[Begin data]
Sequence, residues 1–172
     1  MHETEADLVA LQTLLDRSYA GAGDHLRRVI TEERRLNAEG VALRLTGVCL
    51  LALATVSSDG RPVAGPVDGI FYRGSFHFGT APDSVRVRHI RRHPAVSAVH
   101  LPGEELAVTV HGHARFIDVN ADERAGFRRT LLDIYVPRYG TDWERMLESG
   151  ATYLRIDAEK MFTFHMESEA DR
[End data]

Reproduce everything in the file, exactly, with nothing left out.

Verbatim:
Sequence, residues 1–172
     1  MHETEADLVA LQTLLDRSYA GAGDHLRRVI TEERRLNAEG VALRLTGVCL
    51  LALATVSSDG RPVAGPVDGI FYRGSFHFGT APDSVRVRHI RRHPAVSAVH
   101  LPGEELAVTV HGHARFIDVN ADERAGFRRT LLDIYVPRYG TDWERMLESG
   151  ATYLRIDAEK MFTFHMESEA DR